Does DCA provide better returns than a lump sum strategy? - J.P. Morgan Asset Management

Does DCA provide better returns than a lump sum strategy?

Contributors Jordan Jackson, Katherine Roy

This blog is the second in a two part series that explores how retirement plan participants and cautious investors can leverage dollar cost averaging, while also discussing the downsides when compared to a lump sum investing strategy. There is no shortage of pieces available that argue both sides of dollar cost averaging however, we believe it is critically important for retirement participants to systematically contribute a portion of their paycheck to their retirement, regardless of market conditions, to reach their desired outcomes. Though investors with cash on the sidelines are more likely to achieve better returns by putting their money into the market all at once, rather than dollar cost averaging.

Dollar cost averaging (DCA): Investing predetermined, fixed dollar amounts over a period of time.
Lump sum investing (LSI): Investing a sum of capital immediately upon receipt. Lump sums can come from several different sources—a pension payout, inheritance, the sale of property or a business.

In our previous post   previous post we highlight the benefits of dollar cost averaging as a useful investment strategy for retirement participants and for investors worried about volatility in the near term. But for investors who’ve experienced a windfall of cash and are considering what to do with it, history suggests you’re better off putting your money into the market and letting it ride, rather than tip-toeing in.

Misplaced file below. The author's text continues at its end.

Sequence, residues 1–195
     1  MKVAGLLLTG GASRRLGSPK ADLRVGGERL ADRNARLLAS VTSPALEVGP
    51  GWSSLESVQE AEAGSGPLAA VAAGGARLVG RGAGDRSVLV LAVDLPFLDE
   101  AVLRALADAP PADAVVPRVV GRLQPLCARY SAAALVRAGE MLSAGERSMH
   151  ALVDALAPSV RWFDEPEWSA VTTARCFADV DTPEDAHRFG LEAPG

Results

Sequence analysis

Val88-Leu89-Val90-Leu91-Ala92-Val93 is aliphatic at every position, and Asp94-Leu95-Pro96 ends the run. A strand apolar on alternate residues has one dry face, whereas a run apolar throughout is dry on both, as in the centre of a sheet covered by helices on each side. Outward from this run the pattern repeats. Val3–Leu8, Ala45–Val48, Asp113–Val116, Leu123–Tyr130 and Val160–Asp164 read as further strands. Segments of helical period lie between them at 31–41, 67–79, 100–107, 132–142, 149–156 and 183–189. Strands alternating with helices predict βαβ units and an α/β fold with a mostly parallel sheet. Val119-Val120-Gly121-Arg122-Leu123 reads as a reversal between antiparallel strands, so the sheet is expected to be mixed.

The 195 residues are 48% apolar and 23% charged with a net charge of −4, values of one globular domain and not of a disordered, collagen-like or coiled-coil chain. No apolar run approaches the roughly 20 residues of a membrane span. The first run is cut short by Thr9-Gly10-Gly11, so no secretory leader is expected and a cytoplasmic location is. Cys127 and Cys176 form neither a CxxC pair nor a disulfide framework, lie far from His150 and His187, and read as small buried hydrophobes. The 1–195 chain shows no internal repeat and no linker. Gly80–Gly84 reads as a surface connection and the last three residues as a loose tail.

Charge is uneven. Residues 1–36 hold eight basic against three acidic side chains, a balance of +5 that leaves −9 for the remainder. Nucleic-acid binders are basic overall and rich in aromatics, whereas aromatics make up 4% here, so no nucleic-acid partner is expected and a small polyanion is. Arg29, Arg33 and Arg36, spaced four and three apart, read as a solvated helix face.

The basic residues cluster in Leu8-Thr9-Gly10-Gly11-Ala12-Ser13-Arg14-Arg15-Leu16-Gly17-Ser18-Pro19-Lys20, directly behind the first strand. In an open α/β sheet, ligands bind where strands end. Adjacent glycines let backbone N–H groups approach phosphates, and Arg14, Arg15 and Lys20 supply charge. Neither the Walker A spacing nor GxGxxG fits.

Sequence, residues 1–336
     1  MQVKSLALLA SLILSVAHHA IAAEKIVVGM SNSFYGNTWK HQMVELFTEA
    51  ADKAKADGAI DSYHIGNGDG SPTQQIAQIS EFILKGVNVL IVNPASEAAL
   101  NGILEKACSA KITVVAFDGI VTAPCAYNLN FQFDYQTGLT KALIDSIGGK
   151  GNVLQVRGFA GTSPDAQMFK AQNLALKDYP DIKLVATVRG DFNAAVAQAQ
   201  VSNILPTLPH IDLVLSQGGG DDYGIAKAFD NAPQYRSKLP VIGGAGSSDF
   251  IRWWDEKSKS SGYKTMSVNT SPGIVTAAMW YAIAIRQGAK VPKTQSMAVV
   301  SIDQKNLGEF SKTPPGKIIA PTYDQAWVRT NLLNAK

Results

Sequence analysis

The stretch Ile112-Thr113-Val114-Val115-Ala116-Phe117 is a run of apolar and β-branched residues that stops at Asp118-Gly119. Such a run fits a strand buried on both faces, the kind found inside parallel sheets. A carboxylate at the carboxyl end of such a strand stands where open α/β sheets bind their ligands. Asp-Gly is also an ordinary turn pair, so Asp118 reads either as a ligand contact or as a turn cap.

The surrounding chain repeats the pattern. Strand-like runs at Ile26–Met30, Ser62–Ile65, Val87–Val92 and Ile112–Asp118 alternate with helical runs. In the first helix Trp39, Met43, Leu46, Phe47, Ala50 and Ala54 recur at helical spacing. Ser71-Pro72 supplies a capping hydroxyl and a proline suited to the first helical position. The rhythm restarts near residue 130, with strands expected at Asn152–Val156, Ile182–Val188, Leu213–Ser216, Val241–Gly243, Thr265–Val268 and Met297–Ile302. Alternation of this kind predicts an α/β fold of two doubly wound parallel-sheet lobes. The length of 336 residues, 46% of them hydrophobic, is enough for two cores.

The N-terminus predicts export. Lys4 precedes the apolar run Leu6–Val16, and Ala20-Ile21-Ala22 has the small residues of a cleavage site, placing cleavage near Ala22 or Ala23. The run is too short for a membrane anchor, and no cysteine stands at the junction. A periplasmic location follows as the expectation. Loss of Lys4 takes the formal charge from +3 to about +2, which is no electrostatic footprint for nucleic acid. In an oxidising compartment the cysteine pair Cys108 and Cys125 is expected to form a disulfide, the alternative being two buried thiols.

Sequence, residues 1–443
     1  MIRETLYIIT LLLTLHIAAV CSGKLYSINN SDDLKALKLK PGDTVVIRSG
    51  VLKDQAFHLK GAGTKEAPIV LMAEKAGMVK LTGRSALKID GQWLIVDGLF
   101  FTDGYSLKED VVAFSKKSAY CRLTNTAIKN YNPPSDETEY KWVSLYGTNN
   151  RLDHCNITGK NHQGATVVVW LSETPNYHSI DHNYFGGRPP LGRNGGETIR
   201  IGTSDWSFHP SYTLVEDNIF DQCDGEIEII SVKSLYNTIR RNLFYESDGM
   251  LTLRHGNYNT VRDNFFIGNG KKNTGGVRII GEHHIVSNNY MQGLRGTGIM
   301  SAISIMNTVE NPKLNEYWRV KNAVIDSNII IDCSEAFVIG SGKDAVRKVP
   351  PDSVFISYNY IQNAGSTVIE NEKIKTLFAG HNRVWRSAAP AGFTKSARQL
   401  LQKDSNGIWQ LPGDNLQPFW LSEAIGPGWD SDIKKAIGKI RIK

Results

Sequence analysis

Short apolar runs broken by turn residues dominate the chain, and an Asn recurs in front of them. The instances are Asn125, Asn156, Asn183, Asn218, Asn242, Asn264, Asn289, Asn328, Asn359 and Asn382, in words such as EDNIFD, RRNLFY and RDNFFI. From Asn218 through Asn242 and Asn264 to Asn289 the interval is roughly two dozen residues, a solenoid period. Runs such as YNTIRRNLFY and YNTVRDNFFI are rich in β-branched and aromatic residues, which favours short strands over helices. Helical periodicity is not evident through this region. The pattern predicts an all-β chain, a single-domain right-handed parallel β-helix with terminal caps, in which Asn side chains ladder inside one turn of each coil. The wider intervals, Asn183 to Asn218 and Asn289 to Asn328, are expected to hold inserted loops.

It is typically during periods of uncertainty when the idea of DCA is emphasized to get people to move from cash to investments – and while this is better than continuing to stay in cash, it is addressing the behavioral issue, but is not generally the most optimal strategy. Using what we know from history, we can help clients overcome the anxiety tied to market volatility and get money invested.

Markets spend more time rising than falling. Even with periods of sideways markets, the ability for the index to grind higher has meant more reward to those using LSI over DCA. In fact, 66% of all monthly S&P 500 returns going back to 1990 have been positive1--allowing LSI to consistently outperform. As highlighted, if we compare DCA and LSI on a rolling one-, three- and five-year basis over the past 20 years, lump sum investing has outperformed dollar cost averaging over 70% of the time over each rolling period.

While DCA may remove the emotion from investing, not only has LSI been proven to consistently outperform, but investors should also consider that in the current low-interest rate regime, cash has a real negative yield, leaving them penalized for holding large amounts of cash while they dollar-cost average. Moreover, even though DCA has been shown to provide a buffer in downward trending markets, you have to start the strategy at the right time to reap its benefits.

In short, making decisions on what we know over what we’re scared of, has shown to provide better outcomes for investors. Therefore, for those investors looking for more predictable better investment returns over the long run, understand that volatility is normal and know that cash will not earn anything; lump sum investing is a superior investment strategy.


Consistency of outperformance using LSI

Percent of rolling periods LSI outperforms DCA

Source: Standard & Poor’s, FactSet, J.P. Morgan Asset Management. Rolling returns assumes over the first 10 months, 10 payments of $1,000 are made at the beginning of each month for each rolling period, and grows with the market for the remainder of the period. Data as of September 30, 2020.

1Using S&P 500 total return index between September 1990 and September 2020.



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